There are few estates more celebrated, loved and respected around the world than Domaine Armand Rousseau, through four generations their track record of making consistently world class wines is unparalleled. Following on from last month’s Chambertin vertical (https://www.biwine.com/blog/post/551) the Rousseau Think Tank gathered again, racking up some more air miles, this time to pay homage to the Clan Rousseau with a vertical of their Chambertin Clos de Beze. In the words of Steen Öhman (a.k.a Wine Hog) “Chambertin or Clos de Bèze? .. a relevant question .. however the reply is fairly simple – both please!”
One heart one soul just one solution,
One flash of light yeah one god one vision
Chambertin Clos de Beze pre-dates Chambertin. Indeed one must go back to the year 630 when the then Duke of Lower Burgundy gave this 15ha piece of land to the monks of the Abbey of Beze. Enclosed by an old stone wall, the monks decided to plant some vines here, and what a master stroke that turned out to be! Fast forward 1330-odd years and Domaine Armand Rousseau made their first acquisition of these historical vines; but one could argue that it was Armand’s son Charles, one of Burgundy’s great visionaries, who mastered this historic terroir.
More vines in Clos des Beze were acquired in 1989 and lastly in 1992 when, in a deal with Marion, owner of precious vines in the Clos since 1855, Charles and Eric Rousseau effectively doubled the domaine’s holdings to roughly 1.4ha. Of the 16 owners of vines in Clos de Beze, no one knows this terroir better or achieves more breathtaking results than the Rousseaus. As I say, it was really Charles’ vision for what could be achieved from this particular piece of Gevrey that set the blue print for what is today one of Burgundy’s most thrilling of Grand Crus.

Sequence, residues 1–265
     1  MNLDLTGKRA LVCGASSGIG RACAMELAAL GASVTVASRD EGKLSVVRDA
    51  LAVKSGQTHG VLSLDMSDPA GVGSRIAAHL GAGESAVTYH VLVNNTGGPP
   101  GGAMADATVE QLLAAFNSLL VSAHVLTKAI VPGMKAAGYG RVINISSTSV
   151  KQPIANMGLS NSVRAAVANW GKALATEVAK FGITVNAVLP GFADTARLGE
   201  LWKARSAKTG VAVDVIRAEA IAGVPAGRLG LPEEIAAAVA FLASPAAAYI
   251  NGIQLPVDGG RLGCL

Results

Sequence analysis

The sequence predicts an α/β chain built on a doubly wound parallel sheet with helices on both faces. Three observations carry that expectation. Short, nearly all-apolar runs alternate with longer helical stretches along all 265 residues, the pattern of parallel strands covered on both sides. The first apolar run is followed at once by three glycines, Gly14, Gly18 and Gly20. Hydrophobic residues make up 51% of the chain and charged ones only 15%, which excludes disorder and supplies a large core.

And so to the wines: 16dangerously moreish vintages of Clos de Beze…
Stunning colour, a lovely rusty/amber with a really pretty red hue. All rose petal and sweet red currants on the nose, later unfurling into forest floor and a hint of coffee. Plenty of body on the palate with a gorgeous tarry quality. More than alive and kicking, this ’78 is refusing to go quietly into its ‘40s.
Again a beautiful colour, so much clarity. The benefit of having had a good 3 weeks standing up prior to this dinner. A little more rusticity and sous-bois than the ’78 but by no means any less sweet and juicy and ready to party. 39 is the new 29! What a start to the evening.
Classic with a capital ‘C’. An intense and brooding nose, so much depth here but again those affable sweet red fruit notes hum from the glass. The palate is absolutely dazzling, with spicy raisin-cake notes weaving in and out of a generous helping of hedonistic red summer fruits. The length is insane.
A little softer in appearance with a tea-like cloudiness. The nose is a fully mature Clos de Beze, lots of truffley notes and just a hint of white chocolate. Soft and velvety on the palate with a really seductive roundness to it. Lacking the energy of the ’85 but do not write this ’88 off as the finish is sublime with a strawberry-edged pang of sweet fruits.
A lot more reserved than the ’85 or ’89 with a cool fruit character to it. This is definitely a Clos de Beze in a cocktail dress rather than the summer frock style of the ’85 or ’88. With time in the glass some floral and mineral notes come to the fore. There is a real grip to this ’89, with definite Pu’er-like tannins. Just when I think I’ve started to figure out what Clos de Beze is all about a bottle like this comes along. Fascinating.
And just when you think you’re driving with a 5 speed gearbox, it turns out there’s a whole other gear. Everything is dialed up a notch on this 1990. Super ripe and concentrated on the nose with the most exotic and hedonistic of palates. Like a ball pit full of Japanese strawberries, this 1990 is a great big glass of mad, care-free abandonment.